Did you know that inmates have a right to a due process hearing if they are accused of misconduct at the jail? They do, and there is a body of case law to draw from. This inmate's lawsuit was dismissed on summary judgment, and he wins the appeal pro se, prevailing against the Attorney General's office.
The case is Kotler v. Donelli, a summary order decided on June 19. Kotler was an elected inmate representative on the grievance committee at the jail. One day, on an anonymous note, corrections officers searched his cell and allegedly discovered a weapon. I said "allegedly." Kotler said it wasn't his, but no one believed him. He lost at the hearing and was banned from serving on the grievance committee for three years. The Appellate Division affirmed the guilty findings, but Kotler than filed a Section 1983 claim and discovery revealed a letter between jail officials who "sought a way to remove Kotler from the committee and ban him from future elections. One jail official said that a disciplinary hearing was the only want to accomplish that. That email was sent only a few days before the officers "found" the weapon in Kotler's cell. Kotler also alleged that right after the disciplinary hearing, the hearing officer told him off-the-record, "when the boss says get rid of you, I got to get rid of you."
So, after the Appellate Division affirmed the in-house finding of guilt, the case got a lot more interesting. The issue on appeal is whether the disciplinary determination that the weapon belonged to Kotler collaterally estops him from alleging in federal court that the weapon was planted. It does not. Kotler did not have a full and fair opportunity to litigate that issue at the disciplinary hearing, which did not allow him the benefit of any discovery that would have revealed that damaging email. Plus, the hearing officer's damaging admission took place off-the-record, when the hearing ended. This is why the Court of Appeals has held in the past that "there is a substantial question as to whether, under New York law, collateral estoppel should ever apply to fact issues determined in a prison disciplinary hearing and reviewed for substantial evidence in an Article 78 proceeding, given the procedural laxity of such prison hearings and the limited nature of substantial-evidence review."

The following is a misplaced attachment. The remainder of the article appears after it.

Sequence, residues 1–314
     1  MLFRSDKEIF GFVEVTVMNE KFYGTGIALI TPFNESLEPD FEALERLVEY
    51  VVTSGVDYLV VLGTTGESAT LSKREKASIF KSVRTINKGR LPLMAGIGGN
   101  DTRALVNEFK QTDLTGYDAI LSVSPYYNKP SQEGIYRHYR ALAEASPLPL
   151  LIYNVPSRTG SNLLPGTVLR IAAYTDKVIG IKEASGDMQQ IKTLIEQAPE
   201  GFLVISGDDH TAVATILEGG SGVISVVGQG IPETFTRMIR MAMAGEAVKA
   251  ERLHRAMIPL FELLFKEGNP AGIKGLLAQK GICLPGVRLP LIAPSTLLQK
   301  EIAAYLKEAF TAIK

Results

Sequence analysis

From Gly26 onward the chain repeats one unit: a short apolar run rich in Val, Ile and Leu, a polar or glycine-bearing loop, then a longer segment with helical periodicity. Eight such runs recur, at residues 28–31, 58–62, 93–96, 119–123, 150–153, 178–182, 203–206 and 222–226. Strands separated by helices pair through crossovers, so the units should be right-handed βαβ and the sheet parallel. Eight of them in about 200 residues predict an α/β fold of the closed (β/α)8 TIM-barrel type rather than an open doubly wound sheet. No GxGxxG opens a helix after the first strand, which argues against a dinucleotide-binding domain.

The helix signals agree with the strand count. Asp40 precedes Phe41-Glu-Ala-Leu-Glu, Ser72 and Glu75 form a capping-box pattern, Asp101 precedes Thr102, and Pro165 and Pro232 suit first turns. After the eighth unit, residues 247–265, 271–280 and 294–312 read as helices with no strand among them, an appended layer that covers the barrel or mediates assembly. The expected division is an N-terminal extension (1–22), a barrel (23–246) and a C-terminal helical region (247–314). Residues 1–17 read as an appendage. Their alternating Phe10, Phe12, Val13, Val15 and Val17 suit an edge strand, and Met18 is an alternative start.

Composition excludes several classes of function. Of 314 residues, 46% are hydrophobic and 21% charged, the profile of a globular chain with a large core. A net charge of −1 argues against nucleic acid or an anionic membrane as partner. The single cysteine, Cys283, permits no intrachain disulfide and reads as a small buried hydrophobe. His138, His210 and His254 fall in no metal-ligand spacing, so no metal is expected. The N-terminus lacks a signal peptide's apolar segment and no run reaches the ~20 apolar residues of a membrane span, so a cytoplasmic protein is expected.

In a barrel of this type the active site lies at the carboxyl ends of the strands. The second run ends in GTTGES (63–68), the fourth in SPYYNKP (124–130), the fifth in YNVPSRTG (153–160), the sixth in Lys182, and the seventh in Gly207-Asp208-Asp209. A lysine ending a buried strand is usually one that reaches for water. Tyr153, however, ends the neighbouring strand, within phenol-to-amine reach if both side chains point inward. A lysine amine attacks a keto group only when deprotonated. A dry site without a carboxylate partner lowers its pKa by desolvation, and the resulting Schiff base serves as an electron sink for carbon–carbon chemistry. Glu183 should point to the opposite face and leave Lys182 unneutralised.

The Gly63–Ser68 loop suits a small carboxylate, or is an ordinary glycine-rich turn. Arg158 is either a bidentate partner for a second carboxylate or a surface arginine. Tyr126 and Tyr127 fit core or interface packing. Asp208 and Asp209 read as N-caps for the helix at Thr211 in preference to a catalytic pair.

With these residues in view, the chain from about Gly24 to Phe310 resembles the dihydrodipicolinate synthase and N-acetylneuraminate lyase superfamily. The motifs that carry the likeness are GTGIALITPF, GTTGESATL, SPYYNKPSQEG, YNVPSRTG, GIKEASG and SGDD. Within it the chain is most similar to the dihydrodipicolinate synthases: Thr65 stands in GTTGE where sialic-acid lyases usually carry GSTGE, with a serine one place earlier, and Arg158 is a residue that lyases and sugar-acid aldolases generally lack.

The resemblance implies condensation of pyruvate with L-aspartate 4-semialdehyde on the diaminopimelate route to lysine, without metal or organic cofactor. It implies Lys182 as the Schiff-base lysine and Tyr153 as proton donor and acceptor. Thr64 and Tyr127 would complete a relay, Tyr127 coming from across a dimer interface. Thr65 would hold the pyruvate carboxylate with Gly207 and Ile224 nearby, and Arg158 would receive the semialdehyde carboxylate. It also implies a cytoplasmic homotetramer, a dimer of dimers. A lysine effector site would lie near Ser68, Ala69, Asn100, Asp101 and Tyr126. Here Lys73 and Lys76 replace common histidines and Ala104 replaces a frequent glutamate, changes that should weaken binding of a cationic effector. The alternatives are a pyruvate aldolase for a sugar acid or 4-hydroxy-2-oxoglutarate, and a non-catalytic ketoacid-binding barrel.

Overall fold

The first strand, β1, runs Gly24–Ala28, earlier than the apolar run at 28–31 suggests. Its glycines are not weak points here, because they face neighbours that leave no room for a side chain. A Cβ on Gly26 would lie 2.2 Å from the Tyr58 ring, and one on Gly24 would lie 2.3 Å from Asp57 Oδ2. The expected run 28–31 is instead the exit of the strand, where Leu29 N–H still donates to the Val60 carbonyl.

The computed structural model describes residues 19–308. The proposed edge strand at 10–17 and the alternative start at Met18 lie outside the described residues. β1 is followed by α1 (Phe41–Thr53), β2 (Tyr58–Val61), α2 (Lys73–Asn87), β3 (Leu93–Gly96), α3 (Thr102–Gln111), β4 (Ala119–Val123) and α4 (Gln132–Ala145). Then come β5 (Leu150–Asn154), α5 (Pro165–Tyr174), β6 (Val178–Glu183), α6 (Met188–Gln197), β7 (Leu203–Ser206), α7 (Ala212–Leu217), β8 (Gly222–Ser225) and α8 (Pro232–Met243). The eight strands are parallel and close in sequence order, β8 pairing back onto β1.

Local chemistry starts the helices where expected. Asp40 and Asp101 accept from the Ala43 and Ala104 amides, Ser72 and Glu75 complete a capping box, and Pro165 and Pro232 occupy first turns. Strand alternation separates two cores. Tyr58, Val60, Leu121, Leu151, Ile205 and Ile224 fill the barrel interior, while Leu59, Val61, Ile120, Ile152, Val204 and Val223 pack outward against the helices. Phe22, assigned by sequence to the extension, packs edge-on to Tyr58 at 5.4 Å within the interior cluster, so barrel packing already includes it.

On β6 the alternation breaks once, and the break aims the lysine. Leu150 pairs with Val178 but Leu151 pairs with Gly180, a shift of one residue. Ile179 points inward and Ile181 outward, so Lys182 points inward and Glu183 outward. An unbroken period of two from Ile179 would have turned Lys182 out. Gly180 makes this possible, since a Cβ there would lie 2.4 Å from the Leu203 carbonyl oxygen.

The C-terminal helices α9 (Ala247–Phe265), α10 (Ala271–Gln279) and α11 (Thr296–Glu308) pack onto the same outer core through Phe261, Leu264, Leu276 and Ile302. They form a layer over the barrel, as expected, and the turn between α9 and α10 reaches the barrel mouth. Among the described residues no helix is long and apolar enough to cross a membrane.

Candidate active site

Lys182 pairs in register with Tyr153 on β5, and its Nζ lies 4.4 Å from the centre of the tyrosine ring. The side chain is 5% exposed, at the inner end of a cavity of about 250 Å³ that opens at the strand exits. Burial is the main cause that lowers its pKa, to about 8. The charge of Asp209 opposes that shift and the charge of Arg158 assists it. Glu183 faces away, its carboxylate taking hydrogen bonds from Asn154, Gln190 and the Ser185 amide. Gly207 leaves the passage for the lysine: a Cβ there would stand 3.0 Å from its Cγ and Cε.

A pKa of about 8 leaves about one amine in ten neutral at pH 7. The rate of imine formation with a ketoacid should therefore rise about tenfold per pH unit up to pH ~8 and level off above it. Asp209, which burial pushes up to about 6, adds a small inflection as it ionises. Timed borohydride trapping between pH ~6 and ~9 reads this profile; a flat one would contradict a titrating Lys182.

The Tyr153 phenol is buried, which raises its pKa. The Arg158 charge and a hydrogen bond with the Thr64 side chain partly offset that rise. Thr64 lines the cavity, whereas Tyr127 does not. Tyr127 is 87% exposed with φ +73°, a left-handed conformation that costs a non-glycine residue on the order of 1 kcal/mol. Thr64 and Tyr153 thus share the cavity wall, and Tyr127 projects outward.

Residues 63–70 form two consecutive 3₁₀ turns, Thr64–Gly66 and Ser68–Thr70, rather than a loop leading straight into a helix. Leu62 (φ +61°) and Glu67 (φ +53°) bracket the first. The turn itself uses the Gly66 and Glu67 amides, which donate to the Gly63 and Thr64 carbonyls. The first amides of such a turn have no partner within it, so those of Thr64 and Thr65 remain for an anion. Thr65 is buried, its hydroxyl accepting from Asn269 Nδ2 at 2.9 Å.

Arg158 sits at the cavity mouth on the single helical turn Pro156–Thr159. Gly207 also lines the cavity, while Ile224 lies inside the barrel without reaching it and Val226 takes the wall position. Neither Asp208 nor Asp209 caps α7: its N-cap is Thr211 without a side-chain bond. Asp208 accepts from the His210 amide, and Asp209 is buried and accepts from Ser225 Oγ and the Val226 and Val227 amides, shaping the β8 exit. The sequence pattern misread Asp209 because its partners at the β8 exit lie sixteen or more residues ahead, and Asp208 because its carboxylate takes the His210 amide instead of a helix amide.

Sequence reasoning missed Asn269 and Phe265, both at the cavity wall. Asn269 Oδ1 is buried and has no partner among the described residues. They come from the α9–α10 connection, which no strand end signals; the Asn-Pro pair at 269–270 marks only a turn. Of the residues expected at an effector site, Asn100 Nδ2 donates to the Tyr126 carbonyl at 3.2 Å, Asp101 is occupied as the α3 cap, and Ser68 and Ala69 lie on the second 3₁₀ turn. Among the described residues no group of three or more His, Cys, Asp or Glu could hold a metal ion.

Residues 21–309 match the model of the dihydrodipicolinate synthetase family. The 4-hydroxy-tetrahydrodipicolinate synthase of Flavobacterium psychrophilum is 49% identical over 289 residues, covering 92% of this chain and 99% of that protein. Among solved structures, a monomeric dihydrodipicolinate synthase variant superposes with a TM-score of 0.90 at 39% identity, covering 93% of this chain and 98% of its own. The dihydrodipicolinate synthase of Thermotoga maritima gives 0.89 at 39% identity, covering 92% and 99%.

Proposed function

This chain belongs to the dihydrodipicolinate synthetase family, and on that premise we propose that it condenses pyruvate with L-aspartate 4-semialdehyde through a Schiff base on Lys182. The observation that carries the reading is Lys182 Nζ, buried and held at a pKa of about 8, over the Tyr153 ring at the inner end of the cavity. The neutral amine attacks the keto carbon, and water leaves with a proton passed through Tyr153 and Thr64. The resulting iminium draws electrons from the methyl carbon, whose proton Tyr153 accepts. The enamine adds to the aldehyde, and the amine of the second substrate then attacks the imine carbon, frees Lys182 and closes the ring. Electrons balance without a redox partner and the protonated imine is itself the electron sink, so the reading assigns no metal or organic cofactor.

Whether or not Kotler got screwed at the hearing is ripe for consideration under Section 1983. The Second Circuit (Chin, Lohier and Keenan [D.J]) says that "he should have a chance now to present all of the evidence to a jury."